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The Brain’s Anti-Distraction Mechanism

anti-distraction mechanismSimon Fraser University researchers have discovered the brain’s anti-distraction mechanism.[1] Environmental and genetic factors may hinder or suppress a particular brain activity that helps prevent us from distraction—a discovery that may revolutionize doctors’ perception and treatment of attention-deficit disorders.1 This study is the first to reveal that our brains rely on an active suppression mechanism to avoid being distracted by irrelevant information while we focus on a particular thing.1

While associate professor of psychology and Canada Research Chair in Cognitive Neuroscience, John McDonald, PhD, and colleagues first discovered the existence of the anti-distraction mechanism in 2009, it was still unknown how it helps us to ignore visual distractions.1

This current study involved three experiments in which 47 students (average age of 21) performed an attention-demanding visual search task.1 The researchers studied their neural processes related to attention, distraction, and suppression by recording electrical brain signals from sensors that were embedded in a cap.1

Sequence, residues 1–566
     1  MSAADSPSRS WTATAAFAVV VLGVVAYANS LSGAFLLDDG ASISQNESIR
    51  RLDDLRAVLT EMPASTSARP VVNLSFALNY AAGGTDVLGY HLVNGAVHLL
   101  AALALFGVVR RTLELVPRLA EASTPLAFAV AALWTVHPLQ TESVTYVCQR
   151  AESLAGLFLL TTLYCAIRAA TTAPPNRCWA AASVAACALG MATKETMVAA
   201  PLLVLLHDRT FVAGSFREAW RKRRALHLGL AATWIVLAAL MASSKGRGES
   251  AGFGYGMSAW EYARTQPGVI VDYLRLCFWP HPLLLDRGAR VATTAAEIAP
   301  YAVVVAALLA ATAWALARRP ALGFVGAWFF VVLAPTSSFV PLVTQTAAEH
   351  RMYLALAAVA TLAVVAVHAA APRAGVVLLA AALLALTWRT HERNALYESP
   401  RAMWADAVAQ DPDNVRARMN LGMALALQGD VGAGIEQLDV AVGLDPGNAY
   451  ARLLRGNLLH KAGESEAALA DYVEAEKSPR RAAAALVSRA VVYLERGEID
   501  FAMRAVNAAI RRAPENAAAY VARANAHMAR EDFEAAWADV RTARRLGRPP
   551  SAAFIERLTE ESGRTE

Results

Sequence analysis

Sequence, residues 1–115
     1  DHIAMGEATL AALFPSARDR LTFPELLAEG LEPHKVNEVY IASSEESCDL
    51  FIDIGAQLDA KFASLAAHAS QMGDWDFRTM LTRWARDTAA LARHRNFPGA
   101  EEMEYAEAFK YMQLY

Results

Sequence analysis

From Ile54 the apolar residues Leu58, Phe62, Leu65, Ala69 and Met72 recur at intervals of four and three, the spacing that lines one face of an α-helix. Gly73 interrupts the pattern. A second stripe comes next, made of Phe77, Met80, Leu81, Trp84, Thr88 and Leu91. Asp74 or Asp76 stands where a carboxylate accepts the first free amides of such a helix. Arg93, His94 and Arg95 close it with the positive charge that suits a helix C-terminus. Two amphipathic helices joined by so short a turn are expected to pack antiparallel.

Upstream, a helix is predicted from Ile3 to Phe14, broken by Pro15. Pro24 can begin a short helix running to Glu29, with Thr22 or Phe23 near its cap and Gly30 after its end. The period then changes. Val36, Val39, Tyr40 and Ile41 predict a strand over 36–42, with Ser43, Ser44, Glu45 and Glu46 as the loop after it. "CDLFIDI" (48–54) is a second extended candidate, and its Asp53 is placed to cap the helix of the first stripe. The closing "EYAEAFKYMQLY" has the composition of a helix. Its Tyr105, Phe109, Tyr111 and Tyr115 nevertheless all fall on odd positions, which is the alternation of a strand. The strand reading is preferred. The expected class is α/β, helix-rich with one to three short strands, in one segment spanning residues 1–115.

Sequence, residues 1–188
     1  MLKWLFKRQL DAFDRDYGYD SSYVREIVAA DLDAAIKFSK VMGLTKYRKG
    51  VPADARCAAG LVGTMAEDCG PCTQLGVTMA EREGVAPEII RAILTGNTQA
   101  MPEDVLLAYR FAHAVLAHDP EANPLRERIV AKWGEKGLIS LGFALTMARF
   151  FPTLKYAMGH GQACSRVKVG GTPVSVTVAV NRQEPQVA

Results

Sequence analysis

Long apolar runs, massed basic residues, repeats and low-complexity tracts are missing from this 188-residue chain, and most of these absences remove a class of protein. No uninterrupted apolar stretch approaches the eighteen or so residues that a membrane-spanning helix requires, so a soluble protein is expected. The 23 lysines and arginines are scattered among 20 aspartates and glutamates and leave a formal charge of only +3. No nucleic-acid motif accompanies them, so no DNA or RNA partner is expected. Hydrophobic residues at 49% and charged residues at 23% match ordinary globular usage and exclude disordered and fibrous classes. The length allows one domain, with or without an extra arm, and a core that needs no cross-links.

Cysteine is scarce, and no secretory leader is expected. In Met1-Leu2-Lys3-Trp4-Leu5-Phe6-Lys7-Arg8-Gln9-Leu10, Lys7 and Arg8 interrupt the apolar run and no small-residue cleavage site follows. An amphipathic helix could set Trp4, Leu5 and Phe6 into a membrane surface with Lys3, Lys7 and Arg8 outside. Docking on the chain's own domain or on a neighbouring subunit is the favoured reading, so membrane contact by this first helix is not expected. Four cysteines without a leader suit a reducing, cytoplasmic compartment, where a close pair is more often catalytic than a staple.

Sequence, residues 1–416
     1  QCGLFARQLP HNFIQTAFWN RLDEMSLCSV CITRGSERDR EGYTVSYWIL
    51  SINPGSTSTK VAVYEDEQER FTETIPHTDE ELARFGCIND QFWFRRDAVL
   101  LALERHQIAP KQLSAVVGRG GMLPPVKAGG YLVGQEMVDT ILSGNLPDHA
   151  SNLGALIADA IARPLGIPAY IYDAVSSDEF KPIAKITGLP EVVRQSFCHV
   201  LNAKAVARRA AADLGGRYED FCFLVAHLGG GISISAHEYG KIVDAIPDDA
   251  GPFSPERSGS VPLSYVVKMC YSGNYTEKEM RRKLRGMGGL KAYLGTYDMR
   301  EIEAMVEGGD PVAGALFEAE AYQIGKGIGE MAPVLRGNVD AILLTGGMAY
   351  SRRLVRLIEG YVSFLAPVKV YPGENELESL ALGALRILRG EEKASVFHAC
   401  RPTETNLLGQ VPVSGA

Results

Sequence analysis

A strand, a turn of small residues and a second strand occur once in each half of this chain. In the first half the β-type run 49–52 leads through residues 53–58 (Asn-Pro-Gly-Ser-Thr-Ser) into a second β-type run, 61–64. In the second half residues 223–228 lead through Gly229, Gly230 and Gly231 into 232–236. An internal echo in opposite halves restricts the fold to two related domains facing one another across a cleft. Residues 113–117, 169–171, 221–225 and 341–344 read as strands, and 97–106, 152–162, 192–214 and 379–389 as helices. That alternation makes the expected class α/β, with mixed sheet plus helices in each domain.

“This is an important discovery for neuroscientists and psychologists because the most contemporary ideas of attention highlight brain processes that are involved in picking our relevant objects from the visual field. It’s like finding Waldo in a Where’s Waldo illustration,” said John Gaspar, the study’s lead author.1

As our society is now technology-driven and fast-paced, researchers believe their discovery can help scientists and clinicians treat patients with distraction-related attention deficits better.1

“Distraction is a leading cause of injury and death in driving and other high-stakes environments,” noted senior author McDonald. “There are individual differences in the ability to deal with distraction. New electronic products are designed to grab attention. Suppressing such signals take effort, and some people can’t seem to do it. Moreover, disorders associated with attention deficits, such as ADHD and schizophrenia, may turn out to be due to difficulties in suppressing irrelevant objects rather than difficulty selecting relative ones.”1

Currently, the researchers are studying how we deal with distraction, investigating when and why we cannot suppress potentially distracting objects, as well as why some are better at this than others.1

“There’s evidence that attentional abilities decline with age and that women are better than men at certain visual attentional tasks,” said Gaspar.1



[1] Pedersen, T. (2014). Scientists Pinpoint Brain’s Anti-Distraction Mechanism. Psych Central. Retrieved on April 21, 2014, from http://psychcentral.com/news/2014/04/20/scientists-pinpoint-brains-anti-distraction-mechanism/68771.html

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